Alex Au

Major Contributions

Minor Contributions

March 6th
  1. In providing feedback for the mashups, how did you decide on which proposal(s) to write about?
    The proposal I choose to feedback on were based on the topics that really interested me, and I also tried to pick one from each lab. The groups that I gave feedback on inlcudes:
    Team TBA (lab 1), Team Flying Aces (lab 2) and Team D-Frost (lab 3)
  2. By reading and evaluating other's work, what did you learn about your own work?
    From reading others work, I learned that our group lacked a solid connection between the three topics. We had several good connections but they weren't as solid as some of the other groups. Some groups did really well in brainstorming ideas. They drew out charts and diagrams, which I think our group could have benefited from in terms of coming up with the right ideas.
  3. How did the feedback provided by others effect your work?
    The feedbacks provided by others were very useful (Thanks to those would took the time). Most feedbacks mentioned about the lack of visuals on our page and hence in the end we provided several visuals that were useful. Also, several of the feedback talked about the difference between the global divide and the digital divide, which wasn't really well explained in the interim proposal, but was revised in the final report.
  4. What are the advantages and disadvantages of this kind of feedback loop.
    The advantage is obviously that you receive different feedbacks from different people who might has different ideas as to how you can improve your report. However, that only happens if people really take the time to read and provide valuable feedback to your report. Otherwise, you will generally receive the same feedbacks from different people as they will only read what others wrote on their feedback to you and retouch on those very same ideas.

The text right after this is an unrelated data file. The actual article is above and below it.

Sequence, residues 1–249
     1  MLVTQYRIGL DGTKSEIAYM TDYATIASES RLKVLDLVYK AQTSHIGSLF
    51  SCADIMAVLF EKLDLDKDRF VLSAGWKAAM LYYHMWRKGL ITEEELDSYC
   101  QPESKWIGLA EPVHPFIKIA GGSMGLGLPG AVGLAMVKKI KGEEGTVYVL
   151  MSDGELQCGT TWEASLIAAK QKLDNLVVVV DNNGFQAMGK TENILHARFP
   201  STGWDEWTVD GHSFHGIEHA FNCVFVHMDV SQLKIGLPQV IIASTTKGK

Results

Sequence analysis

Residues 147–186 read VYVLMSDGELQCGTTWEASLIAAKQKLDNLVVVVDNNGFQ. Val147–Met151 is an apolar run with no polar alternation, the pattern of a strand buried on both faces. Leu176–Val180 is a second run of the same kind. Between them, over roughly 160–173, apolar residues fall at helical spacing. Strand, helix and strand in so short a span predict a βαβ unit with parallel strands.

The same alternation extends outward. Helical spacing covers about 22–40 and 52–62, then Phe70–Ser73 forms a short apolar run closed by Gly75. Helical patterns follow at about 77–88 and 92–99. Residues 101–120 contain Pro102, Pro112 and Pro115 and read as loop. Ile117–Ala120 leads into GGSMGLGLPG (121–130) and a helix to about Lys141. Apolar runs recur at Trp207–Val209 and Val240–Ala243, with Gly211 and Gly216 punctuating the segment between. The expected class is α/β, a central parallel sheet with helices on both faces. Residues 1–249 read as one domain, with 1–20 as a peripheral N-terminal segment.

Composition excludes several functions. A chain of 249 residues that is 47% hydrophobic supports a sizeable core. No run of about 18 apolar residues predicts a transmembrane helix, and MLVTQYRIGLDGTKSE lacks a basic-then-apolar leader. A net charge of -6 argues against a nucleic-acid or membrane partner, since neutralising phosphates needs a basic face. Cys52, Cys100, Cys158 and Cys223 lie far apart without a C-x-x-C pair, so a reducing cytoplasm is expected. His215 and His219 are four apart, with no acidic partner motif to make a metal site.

5. Anything you think is relevant to this feedback process and possible improvements.
    I think this feedback process is very well. It gives the groups a look at some of the different view of their classmates, and most importantly they can point some of the important points that could have been missed by the group. This is very much like a peer-editing process that might happen when you write an essay and have your peers to edit it to pick out different mistakes and provide different ideas that might work better.

For April 11th - any new observations and thoughts from March 6 (150-250 words)

This is the 4th time I've worked with a wikispace, and I think I can say that this space has been the most fun and useful. The idea of providing feedbacks to others project is very useful. By providing feedbacks, students can learn more about others project and prove their thoughts for improvements. Not only that, but groups can also learn about their strengths and weaknesses which is important because sometimes groups themselves don't realize them. Although it is not required, but I think students contribution to study notes and lecture follow ups are very kind and useful. There is so much to study that sometimes you just wish someone would summarize everything for you. Thats what some students have done and I thank them for that. I think FAQs are very useful as well. Overall, I think this wikispace has been very useful and fun to build. Students not only post useful stuff, but sometimes also interesting links as well like videos and website.